Tell Me a Story About Leprechaun Love

I’ve watched writers gripping their pen with what could only be construed as a focused debate on whether or not to drive said pencil through their eyeball, thus ending their misery. I mean come on, Mrs. Applebottom’s caramel-colored cat in chapter three is an obvious metaphor for capitalist society infringing on the demands of children brought up bottle-fed instead of smothered against their mother’s breast. And what about a third person, omniscient narrator with occasional amnesia? I know, I’ll write a zombie prom story. Zombie’s are hot, right? No, not any more? What about leprechauns? A leprechaun love story? I’ll go all new media and write it as Facebook status updates. No, I’ll use Post-it notes. And it has to be perfect, NOW. That’s why I am editing the first page again. Yes, it’s the 684th time I’ve rewritten it.

To all of you who write, myself included, I say this: RELAX. Am I being facetious? Yes. But the idea isn’t that far off the mark. We writers are a worrisome lot. We have a lot of tools, dynamics and “moving parts” to contend with in order to produce a quality and entertaining product. However, it seems that the more we write and the more we immerse ourselves in the craft of writing (and don’t ever think for once that writing is not a craft), we forget the most basic and fundamental building block of all. Tell a story.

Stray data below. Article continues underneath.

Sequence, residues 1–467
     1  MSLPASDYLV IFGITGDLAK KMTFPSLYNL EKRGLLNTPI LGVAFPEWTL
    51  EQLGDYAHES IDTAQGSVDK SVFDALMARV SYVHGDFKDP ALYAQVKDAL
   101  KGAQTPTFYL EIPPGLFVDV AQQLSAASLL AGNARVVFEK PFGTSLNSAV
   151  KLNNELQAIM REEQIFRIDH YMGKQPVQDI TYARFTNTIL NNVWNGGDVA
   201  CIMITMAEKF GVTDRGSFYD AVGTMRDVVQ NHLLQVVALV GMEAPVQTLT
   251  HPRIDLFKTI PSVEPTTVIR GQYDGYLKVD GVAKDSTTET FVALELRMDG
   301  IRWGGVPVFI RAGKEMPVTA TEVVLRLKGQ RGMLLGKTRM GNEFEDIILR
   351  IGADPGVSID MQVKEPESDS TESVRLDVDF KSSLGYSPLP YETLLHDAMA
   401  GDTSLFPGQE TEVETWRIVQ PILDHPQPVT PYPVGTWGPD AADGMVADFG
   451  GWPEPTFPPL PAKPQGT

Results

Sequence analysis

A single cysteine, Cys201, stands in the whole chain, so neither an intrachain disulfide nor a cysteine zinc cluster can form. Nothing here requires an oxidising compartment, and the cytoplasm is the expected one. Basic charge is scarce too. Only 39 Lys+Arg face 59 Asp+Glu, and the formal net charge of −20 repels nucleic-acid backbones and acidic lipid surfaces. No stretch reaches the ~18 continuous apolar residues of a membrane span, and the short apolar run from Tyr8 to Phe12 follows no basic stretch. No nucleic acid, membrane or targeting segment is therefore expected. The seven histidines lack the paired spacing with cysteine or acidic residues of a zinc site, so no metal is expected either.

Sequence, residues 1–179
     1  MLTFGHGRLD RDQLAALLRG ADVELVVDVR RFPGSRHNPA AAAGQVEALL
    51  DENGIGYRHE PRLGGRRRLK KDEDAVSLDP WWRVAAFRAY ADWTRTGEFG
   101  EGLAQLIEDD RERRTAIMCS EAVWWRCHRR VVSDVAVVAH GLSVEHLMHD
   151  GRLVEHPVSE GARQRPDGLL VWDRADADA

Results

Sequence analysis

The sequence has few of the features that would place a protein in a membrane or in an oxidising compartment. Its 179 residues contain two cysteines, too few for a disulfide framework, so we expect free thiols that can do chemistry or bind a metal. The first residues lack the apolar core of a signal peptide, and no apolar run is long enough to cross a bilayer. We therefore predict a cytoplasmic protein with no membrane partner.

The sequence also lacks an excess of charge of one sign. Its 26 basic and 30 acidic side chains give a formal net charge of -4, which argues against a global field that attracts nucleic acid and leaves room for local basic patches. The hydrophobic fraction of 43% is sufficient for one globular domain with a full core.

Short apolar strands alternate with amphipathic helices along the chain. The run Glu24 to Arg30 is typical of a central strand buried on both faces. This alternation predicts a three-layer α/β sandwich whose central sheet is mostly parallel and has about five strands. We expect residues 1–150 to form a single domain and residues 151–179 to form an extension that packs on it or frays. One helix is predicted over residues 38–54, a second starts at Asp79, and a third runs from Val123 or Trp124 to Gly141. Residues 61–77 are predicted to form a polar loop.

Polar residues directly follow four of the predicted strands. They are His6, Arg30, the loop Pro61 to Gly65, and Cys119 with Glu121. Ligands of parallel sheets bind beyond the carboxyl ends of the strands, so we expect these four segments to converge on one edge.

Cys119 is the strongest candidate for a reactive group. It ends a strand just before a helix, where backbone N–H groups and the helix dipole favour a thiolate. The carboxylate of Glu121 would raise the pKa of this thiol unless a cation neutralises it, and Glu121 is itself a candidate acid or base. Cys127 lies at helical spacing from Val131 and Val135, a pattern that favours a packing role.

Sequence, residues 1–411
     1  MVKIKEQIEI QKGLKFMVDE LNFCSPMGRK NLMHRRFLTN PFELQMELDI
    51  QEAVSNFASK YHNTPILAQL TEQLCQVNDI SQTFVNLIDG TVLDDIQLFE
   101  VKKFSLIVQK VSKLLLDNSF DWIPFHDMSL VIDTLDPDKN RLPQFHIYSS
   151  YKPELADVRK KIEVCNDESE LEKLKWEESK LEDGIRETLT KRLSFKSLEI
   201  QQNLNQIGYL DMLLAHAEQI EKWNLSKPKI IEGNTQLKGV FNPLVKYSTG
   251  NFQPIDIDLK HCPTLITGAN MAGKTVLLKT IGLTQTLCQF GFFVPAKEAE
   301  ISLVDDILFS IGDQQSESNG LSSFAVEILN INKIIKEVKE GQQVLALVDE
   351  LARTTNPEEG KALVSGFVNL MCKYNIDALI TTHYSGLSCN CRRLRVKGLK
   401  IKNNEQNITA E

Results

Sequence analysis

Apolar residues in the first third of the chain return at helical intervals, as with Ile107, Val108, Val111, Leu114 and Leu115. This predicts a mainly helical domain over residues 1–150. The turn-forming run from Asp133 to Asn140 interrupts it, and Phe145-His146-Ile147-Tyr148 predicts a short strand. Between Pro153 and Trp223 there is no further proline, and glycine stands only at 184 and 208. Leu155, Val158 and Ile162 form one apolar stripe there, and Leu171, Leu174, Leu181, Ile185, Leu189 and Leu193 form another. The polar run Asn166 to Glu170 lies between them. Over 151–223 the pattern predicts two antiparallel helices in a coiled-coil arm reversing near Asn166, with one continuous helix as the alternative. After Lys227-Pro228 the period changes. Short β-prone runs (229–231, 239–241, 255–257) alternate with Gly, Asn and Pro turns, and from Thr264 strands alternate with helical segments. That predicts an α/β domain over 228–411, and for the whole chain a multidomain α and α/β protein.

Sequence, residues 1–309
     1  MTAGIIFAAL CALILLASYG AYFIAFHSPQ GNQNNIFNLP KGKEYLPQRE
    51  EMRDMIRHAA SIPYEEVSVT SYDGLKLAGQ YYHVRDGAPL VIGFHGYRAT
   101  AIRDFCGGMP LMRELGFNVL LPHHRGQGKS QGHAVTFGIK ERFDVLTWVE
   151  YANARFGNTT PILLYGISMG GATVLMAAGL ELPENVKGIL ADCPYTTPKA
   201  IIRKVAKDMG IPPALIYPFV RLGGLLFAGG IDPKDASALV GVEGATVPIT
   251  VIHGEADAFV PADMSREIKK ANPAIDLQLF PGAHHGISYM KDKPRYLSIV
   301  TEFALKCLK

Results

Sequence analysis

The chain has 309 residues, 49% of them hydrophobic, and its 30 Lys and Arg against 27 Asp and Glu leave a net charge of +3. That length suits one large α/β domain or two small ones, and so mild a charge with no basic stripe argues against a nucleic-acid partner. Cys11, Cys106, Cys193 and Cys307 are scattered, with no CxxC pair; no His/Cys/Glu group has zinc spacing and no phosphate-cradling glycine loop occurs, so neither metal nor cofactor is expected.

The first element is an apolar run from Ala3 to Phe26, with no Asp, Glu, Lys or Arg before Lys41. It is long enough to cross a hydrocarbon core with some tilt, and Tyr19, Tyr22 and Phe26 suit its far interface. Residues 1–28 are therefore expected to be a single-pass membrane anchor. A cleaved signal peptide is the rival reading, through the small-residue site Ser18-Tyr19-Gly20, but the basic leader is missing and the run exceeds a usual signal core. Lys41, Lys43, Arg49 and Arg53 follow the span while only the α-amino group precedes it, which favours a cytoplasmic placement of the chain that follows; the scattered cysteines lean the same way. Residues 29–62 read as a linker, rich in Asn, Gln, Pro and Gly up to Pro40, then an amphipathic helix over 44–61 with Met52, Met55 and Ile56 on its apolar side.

It’s that easy. Just tell a damn story. At its most basic level, at the core of everything we have learned and will learned, we must never forget the heart of it all: Tell a story.

Of course we need our writers’ tool box. We need to pay attention to technique and style, voice and fundamental dynamics. But these are the things applied to and over the heart of the idea, the story. We have nothing if we have no story. Well, maybe we have a grocery list or a collection of random thoughts about what’s actually buried in the very back of my pantry (and if you know, please tell me). But we need a story. It starts with a story and if you remember that, if you get excited about that, you’ll be alright.

Just…tell me a story.

Now grab that pen, hammer that keyboard, and write that leprechaun love story. Don’t forget Mrs. Applebottom’s caramel-colored cat.

Hey, if you are so inclined (and damn crazy enough), write the story as a flash fiction. 500 words and post it on your blog or website. Put the title to your story and a link to it in a comment below so that we can all appreciate your craziness, I mean creativity. Let’s hear your stories!

Tell us a story!

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